Loading presentation...

Present Remotely

Send the link below via email or IM

Copy

Present to your audience

Start remote presentation

  • Invited audience members will follow you as you navigate and present
  • People invited to a presentation do not need a Prezi account
  • This link expires 10 minutes after you close the presentation
  • A maximum of 30 users can follow your presentation
  • Learn more about this feature in our knowledge base article

Do you really want to delete this prezi?

Neither you, nor the coeditors you shared it with will be able to recover it again.

DeleteCancel

Make your likes visible on Facebook?

Connect your Facebook account to Prezi and let your likes appear on your timeline.
You can change this under Settings & Account at any time.

No, thanks

Vasko Popa

No description
by

Amber Harris

on 5 April 2011

Comments (0)

Please log in to add your comment.

Report abuse

Transcript of Vasko Popa

Born June 29, 1922 in Grebenac, Yugoslavia. His influence was French surrealism and Serbian folk traditions and the Socialist Realism that dominated Eastern European literature after World War II. Family His wife, Hasha Singer-Popa and sister, Dana Staechet. Famous for modern style, symbolist,
folk poetry and surrealism Famous because He worked as an editor in Belgrade and published his first major verse collection,Kora (Bark) in 1953. Vasko Popa Died on January 5, 1991, in Belgrade, Yugo. Facts
-Popa was held in a Nazi concentration camp.
-He studied at the universities of Vienna; Bucharest,Romania, and Belgrade, where he received a literature degree in 1949. Poem Analysis
Speaker: a person that has been put into a concentration camp and each day another one of their friends is killed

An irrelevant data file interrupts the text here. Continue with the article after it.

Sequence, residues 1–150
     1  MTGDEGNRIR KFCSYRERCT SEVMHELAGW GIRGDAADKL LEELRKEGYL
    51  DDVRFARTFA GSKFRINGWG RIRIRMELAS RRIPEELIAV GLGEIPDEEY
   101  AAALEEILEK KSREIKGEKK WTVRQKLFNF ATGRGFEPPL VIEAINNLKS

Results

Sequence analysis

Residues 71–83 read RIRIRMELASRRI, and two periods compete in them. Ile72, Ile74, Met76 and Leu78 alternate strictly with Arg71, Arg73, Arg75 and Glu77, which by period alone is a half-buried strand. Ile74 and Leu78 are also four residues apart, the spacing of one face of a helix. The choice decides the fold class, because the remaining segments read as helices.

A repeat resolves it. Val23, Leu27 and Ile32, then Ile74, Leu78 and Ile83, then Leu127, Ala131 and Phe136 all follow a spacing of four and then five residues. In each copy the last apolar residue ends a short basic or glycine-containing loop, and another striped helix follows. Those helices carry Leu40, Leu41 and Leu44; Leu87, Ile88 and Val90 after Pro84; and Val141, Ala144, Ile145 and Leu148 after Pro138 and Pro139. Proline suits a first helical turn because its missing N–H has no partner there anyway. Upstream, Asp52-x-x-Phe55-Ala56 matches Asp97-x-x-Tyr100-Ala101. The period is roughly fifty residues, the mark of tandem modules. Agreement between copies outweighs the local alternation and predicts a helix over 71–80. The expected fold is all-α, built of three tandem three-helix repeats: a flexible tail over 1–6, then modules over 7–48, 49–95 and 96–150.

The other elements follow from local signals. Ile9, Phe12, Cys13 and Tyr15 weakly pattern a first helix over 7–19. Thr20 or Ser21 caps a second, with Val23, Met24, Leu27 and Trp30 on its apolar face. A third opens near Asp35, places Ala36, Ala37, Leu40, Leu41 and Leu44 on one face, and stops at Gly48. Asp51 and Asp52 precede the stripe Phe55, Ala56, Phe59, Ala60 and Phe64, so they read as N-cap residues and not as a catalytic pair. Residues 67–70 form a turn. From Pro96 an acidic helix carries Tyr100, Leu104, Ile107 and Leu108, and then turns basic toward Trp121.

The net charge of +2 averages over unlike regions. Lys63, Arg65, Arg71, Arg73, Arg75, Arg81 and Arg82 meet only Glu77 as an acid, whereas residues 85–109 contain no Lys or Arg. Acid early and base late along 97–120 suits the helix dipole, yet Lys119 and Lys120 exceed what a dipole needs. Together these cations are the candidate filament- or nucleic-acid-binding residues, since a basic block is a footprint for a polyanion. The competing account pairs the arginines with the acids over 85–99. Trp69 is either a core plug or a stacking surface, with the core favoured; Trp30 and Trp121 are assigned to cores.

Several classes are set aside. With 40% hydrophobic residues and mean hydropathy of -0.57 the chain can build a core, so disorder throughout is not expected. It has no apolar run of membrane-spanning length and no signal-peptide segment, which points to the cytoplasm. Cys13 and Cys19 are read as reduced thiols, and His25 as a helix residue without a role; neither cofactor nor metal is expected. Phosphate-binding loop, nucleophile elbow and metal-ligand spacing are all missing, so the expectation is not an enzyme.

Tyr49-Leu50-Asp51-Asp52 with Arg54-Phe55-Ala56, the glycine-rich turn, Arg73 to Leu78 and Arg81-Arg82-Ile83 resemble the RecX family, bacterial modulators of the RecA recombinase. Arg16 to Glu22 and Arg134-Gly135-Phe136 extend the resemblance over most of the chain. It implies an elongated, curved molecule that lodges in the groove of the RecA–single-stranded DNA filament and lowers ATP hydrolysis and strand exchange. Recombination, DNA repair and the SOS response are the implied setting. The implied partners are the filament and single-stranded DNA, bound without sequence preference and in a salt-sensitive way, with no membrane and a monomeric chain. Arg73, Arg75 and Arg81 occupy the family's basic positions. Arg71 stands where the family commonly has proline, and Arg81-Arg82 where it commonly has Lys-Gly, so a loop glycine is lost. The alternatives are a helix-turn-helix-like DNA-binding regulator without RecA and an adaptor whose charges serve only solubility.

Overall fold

Form: ode- to the people that died during the Holocaust and their bravery throughout those challenging times.
Sound: none (blank)
Figurative Language: simile (we smile like conspirators)
Imagery: Sad children that marching around a concentration camp with pained smiles on their faces trying to mask the pain. Poem- Be Seeing You
After the third evening round
In the yard of the concentration camp
We disperse to our quarters

We know that before dawn
One of us will be taken out and shot

We smile like conspirators
And whisper to each other
Be seeing you

We don’t say when or where

We’ve given up the old ways
We know what we mean Citations
Flint, Peter B. "Vasko Popa, 68, poet examining life with humor." New York Times 9 Jan. 1991: D20. Gale Student Resources In Context. Web. 31 Mar. 2011.

Flint, Peter B. "Vasko Popa, 68, Poet Examining Life With Humor." New York Times 9 Jan. 1991. Gale Student Resources In Context. Web. 31 Mar. 2011.

"Vasko Popa Biography." Famous Poets and Poems - Read and Enjoy Poetry. Web. 31 Mar. 2011. <http://famouspoetsandpoems.com/poets/vasko_popa/biography>.
Poem- My Time
I sit quietly and watch
Making sure that no one is coming for me
My friend and I start to make eye contact but quickly break

No one could imagine the agony this causes us
We are just children after all

We have together survived these trying times
Keeping a bold face to seem strong
When really we are weak and crying out for help

But no one comes to our rescue

The next time I look to my friend she is gone and I know what has happened
Well, it is my time now
Full transcript